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The Fryingpan-Arkansas Project & Southeast Water Conservancy District
(Fry-Ark / SEWCD)

Jim Broderick, Director
P.O. Box 440
Pueblo, CO 81002
(719) 544-2040

The Fry-Ark project was authorized by Congress in 1962 for the purpose of diverting water from the upper Colorado Basin to the Arkansas Basin. The South East Water Conservancy District (SEWCD), based in Pueblo, was designated as the local management agency for the Fry-Ark. The SEWCD was allocated a pool of about 24,000 acre-feet from Ruedi’s total capacity of 101,000 af to be used to augment western slope water rights and keep them in priority during times of diversion. The 24,000 acre-feet are released as necessary to assure that water rights whose allocation date precedes the dam are not impacted by the diversions. The Fry-Ark project includes the diversion works in Hunter Creek and the upper Fryingpan tributaries, Turquoise Reservoir near Leadville, Ruedi Reservoir and various other facilities. There are a number of diversion canals in the upper Fryingpan (i.e. Lime Creek and Last Chance Creeks) that were authorized but were never built. The Fry-Ark Project does not include the diversions in the upper Roaring Fork, Grizzly Reservoir or Twin Lakes, all of which are part of the Twin Lakes Reservoir and Canal Co. Project.
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Colorado River Water Conservation District (CRWCD)
P.O. Box 1120
Glenwood Springs, CO 81601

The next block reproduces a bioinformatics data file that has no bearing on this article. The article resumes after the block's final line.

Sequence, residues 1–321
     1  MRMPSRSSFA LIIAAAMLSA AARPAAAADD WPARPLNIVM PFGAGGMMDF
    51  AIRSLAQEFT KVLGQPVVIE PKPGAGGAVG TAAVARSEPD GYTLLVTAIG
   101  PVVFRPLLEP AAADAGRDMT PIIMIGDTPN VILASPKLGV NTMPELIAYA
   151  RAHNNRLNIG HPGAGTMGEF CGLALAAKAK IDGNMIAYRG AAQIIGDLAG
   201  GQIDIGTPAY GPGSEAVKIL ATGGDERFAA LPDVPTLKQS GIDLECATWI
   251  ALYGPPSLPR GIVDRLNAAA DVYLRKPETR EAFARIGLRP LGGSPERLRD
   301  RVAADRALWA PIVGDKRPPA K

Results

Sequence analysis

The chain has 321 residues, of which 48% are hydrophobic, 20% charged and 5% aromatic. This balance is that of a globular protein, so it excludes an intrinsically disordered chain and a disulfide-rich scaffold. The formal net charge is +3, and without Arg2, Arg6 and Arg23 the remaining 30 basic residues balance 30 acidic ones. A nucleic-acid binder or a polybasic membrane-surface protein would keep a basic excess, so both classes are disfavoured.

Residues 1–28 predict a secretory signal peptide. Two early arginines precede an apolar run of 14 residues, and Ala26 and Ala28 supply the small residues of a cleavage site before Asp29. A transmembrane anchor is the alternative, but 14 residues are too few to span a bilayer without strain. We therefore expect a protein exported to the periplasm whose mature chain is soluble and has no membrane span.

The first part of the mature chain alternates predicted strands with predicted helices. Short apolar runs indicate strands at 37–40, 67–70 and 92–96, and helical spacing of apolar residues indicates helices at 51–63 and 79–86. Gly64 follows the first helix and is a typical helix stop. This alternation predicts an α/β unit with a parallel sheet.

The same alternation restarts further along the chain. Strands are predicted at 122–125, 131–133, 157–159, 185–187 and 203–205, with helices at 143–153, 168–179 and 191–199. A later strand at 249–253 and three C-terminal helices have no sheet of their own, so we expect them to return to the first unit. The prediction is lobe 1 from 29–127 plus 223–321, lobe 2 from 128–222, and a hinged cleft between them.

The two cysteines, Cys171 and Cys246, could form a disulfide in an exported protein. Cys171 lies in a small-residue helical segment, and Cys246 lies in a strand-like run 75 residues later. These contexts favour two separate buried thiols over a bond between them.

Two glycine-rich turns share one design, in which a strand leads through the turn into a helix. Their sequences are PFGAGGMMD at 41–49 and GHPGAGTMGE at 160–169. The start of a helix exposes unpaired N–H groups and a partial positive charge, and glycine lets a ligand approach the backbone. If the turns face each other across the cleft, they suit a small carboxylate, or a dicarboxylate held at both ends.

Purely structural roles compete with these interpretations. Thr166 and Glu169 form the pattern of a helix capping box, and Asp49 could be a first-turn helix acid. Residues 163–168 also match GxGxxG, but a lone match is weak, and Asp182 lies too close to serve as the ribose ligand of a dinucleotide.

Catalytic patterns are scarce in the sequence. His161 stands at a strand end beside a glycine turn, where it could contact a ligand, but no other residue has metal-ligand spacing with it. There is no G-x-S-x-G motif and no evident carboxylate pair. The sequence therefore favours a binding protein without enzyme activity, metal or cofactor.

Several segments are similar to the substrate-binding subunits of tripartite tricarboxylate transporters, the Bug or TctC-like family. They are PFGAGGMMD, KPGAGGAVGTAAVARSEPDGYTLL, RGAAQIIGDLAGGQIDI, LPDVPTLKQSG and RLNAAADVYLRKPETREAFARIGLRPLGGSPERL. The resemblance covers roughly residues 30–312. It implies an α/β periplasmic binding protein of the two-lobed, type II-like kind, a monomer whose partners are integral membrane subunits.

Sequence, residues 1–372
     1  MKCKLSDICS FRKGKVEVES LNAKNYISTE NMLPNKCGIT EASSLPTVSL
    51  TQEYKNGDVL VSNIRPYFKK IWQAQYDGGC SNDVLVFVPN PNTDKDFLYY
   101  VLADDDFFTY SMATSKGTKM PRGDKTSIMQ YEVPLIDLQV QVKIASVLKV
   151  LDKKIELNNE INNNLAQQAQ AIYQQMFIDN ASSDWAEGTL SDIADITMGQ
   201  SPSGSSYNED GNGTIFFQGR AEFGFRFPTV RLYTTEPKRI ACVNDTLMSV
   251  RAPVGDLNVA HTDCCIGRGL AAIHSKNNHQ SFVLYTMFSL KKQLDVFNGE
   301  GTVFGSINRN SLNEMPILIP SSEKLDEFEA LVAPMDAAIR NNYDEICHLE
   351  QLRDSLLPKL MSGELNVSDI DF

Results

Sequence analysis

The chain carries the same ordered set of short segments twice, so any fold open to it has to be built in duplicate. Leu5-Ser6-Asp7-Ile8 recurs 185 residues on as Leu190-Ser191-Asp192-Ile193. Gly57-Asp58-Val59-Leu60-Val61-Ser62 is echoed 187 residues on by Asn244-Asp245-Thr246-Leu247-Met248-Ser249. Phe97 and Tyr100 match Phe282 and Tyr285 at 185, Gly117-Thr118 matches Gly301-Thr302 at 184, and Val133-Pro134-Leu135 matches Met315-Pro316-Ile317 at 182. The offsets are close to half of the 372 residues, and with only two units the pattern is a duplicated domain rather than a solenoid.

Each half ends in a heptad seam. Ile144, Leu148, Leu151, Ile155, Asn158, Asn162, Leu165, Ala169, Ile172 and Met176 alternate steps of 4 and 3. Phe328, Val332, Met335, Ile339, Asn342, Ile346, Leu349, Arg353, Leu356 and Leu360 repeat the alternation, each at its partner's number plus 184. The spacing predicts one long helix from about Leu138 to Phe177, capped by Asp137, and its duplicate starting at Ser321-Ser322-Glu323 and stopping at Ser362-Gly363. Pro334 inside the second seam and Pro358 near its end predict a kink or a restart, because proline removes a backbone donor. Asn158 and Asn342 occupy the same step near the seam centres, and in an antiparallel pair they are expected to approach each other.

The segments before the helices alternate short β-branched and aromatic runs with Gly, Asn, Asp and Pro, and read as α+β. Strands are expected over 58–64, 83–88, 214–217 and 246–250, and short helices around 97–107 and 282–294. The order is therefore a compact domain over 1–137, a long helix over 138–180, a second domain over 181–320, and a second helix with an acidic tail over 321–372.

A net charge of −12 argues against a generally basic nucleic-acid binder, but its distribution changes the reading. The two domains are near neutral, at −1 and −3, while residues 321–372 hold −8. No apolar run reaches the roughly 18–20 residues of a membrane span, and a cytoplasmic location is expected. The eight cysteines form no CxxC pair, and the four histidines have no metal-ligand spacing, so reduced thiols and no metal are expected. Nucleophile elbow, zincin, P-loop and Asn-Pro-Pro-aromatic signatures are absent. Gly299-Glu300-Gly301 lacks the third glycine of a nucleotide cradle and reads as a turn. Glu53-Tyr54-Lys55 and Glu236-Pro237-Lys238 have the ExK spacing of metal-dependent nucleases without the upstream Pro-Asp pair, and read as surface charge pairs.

(970) 945-8522
Eric Kuhn, General Manager

The CRWCD is one of three Water Conservation Districts in the State, the other two being the Rio Grande District and the South Eastern District, which encompasses the Arkansas River drainage. The CRWCD’s Board of Directors is made up of representatives from all the counties that make up the Upper Colorado River basin. The District is supported by a property tax mill levy and has broad authority to develop and conserve water resources. The District is the most influential voice on water issues for the Western Slope. The District also holds the rights to the water in Ruedi Reservoir, subject to federal programs.
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The Colorado Division of Wildlife (DOW)
Local Office
50633 Highway 6 & 24
Glenwood Springs, CO 81601
(970) 945-7228

The DOW has responsibility for the State’s wildlife resources including all game and non-game species. The DOW administers hunting and fishing licenses and regulations and manages various recreational, habitat improvement, invasive species, and wildlife monitoring and management programs.
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Basalt Water Conservancy District (BWCD)
c/o Lori Satterfield
Balcomb and Green
818 Colorado Ave.
Glenwood Springs, CO 81601
(970) 945-8902

The BWCD was designated as the management agency for the Basalt Project when the Ruedi portion of the Fry-Ark Project was authorized in the early 60’s. The BWCD owns water in Ruedi and markets it locally to private landowners and developers as augmentation water for private wells.
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Federal Energy Regulatory Commission (FERC)
825 N. Capital Street, NE
Washington, D.C. 20426

The FERC is charged with permitting and regulating energy projects, including hydro-power projects. The FERC issued the original license for the Ruedi Hydro Project to the City of Aspen and Pitkin County.
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Bureau of Reclamation Ruedi Information Page

 Posted by at 8:10 pm